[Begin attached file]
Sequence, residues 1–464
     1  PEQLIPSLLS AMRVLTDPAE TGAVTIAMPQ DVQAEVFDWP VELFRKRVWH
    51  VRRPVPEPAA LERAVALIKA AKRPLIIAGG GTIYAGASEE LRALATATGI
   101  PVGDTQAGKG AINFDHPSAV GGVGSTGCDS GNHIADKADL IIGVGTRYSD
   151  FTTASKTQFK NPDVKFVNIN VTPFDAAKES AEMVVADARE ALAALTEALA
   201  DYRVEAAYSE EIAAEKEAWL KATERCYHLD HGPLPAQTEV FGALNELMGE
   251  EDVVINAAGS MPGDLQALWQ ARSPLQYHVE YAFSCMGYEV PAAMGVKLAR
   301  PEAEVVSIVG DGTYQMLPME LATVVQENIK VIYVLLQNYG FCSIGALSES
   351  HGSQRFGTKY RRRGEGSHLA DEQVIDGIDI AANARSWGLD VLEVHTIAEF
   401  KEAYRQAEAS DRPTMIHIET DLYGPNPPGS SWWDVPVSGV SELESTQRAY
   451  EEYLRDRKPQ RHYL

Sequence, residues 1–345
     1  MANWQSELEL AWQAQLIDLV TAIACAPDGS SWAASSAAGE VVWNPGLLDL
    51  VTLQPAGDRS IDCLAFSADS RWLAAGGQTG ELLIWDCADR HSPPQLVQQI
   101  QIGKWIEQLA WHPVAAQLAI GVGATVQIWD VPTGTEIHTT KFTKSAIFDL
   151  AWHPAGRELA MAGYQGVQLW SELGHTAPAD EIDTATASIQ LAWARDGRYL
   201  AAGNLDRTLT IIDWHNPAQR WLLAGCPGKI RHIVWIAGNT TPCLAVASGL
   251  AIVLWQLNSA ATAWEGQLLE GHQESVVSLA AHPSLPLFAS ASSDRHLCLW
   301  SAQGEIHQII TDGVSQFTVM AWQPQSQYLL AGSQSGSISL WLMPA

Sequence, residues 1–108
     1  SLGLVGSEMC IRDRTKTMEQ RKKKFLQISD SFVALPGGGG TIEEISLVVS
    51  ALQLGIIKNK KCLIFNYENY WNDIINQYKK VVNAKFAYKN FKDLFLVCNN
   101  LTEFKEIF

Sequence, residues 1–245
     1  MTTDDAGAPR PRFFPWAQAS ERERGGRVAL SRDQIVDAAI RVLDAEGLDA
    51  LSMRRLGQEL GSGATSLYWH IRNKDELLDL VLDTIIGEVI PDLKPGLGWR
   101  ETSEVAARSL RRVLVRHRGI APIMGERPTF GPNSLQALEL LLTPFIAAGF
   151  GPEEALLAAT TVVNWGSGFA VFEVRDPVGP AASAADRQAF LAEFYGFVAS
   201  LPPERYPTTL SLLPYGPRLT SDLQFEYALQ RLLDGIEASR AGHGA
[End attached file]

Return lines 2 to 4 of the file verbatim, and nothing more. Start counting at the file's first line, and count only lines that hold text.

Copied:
     1  PEQLIPSLLS AMRVLTDPAE TGAVTIAMPQ DVQAEVFDWP VELFRKRVWH
    51  VRRPVPEPAA LERAVALIKA AKRPLIIAGG GTIYAGASEE LRALATATGI
   101  PVGDTQAGKG AINFDHPSAV GGVGSTGCDS GNHIADKADL IIGVGTRYSD